The second slot for a cantata (or second part of a two-part cantata) was during the distribution of communion (#14 in the list above). This portion of the service took a considerable amount of time, thus allowing for quite a bit of music. Exactly what was to be sung and played here is less well-established than the presence of the cantata after the Gospel (except where a two-part cantata had been composed for the day, in which case the second part of the cantata would have been performed in this slot). Additionally, it is likely Bach performed his Schmücke dich, o liebe Seele (Cantata #180) often as a cantata during communion. There are roughly fifty Bach cantatas which contain eucharistic references, leading to the possible conclusion they were used in this capacity. With that being said, the work we know today as Cantata #180 was referred to near Bach’s time as “the Communion Cantata,” so perhaps had a special place in that capacity.

The situation at Vespers was more straightforward, as the order of worship below indicates:

  1. Organ Prelude
  2. Latin motet
  3. Cantata
  4. Hymn, appropriate to the day or season
  5. Sermon, preceded by the reading of the Epistle in German; concludes with
       confession and absolution, intercessions and notices.
  6. Second part of the Cantata (if necessary)
  7. Magnificat (in Latin or German, but always in Latin for festivals)
  8. Verse and Collect
  9. Benediction
  10. Hymn. (Leaver, 89)

The principal cantata of the day, which would have been sung (or begun) before the Gospel in the morning service would be sung (or begun) during Vespers at slot #3 above, before the hymn which precedes the reading of the Epistle. If the principal cantata of the day was a two-part cantata, it would be concluded at slot #6 above. (Leaver, 89)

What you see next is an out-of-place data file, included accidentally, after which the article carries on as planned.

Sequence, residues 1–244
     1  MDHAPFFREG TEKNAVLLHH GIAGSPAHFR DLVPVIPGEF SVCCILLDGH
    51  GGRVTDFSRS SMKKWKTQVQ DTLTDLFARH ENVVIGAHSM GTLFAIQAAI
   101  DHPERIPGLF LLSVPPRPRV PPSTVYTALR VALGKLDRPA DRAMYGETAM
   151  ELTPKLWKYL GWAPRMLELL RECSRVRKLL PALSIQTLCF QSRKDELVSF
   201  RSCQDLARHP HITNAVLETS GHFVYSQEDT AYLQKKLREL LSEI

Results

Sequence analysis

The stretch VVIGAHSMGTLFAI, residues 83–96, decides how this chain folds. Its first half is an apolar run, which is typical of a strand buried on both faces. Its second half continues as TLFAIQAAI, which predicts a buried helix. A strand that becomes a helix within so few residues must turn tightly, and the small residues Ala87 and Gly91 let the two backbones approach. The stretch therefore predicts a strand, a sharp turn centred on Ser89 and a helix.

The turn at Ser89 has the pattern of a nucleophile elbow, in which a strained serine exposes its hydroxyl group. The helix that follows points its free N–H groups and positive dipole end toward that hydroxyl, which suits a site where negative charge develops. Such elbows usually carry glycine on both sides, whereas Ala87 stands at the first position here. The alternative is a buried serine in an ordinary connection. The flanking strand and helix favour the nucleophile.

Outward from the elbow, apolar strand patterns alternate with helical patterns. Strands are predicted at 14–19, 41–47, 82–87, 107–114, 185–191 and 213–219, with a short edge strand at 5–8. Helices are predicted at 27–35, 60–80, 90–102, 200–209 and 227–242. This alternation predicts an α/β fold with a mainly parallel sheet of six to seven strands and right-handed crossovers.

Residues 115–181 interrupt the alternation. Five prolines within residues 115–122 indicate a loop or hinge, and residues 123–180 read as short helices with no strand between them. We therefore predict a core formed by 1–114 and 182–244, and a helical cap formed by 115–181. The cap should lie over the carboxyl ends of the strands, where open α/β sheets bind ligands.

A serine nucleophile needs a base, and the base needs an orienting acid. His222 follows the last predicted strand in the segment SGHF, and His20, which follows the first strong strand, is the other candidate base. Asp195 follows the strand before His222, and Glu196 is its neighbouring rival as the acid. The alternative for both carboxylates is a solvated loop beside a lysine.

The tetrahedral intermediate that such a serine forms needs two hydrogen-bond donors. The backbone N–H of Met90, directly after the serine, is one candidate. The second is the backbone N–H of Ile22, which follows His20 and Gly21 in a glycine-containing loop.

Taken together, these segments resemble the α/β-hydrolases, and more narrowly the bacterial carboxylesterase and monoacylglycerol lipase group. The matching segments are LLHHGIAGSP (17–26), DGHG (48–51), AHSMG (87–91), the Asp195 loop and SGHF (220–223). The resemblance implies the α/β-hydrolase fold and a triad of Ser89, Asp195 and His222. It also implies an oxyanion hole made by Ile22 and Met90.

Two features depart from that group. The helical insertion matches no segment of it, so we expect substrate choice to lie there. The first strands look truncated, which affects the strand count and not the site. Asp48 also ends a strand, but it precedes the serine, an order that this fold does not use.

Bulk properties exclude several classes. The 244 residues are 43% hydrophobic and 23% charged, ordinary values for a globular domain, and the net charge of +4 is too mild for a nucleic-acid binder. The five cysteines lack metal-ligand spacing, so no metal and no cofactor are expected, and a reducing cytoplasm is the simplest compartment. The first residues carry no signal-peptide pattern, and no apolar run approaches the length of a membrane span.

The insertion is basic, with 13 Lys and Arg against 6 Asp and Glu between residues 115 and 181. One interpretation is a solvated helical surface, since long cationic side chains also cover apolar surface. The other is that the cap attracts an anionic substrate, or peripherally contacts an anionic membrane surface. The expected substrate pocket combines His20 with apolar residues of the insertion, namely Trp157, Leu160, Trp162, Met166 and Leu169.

What did Bach have to accomplish every week in his first few years in Leipzig?

As you can see from the service listings above, Bach had his hands full preparing the regular music for any given Sunday (to say nothing of holy days). There was much music included in every service, a great deal of which would have been accompanied by instruments. In addition to the cantata, there was a motet to prepare, probably chosen from a collection of such works by other composers (e.g., Florilegium Portense), and on some occasions sections of the Ordinary (e.g., Kyrie, Gloria, Sanctus, Agnus Dei) would have been choral compositions accompanied by orchestra. The situation is further complicated during Bach’s tenure in Leipzig (especially the first few years) when we consider that he was expected to compose a new cantata each week for use in the services at St. Thomas and St. Nicholas. And remember, this was centuries before the advent of music notation computer programs, photocopying machines, and other such conveniences!

With that in mind, let’s think about what Bach was required to do on a weekly basis. First, he had to compose a new cantata (generally from scratch, though in some instances he reused material from previous works). All by itself, this was a remarkable feat. Then, he had to prepare what is called a “fair copy” of the work (by hand, of course), so copyists could create vocal and instrumental parts as necessary for the Sunday performance. Having composed the work and having had copies made, he would need to arrange for instrumentalists, which could range from strings alone to a full Baroque orchestra.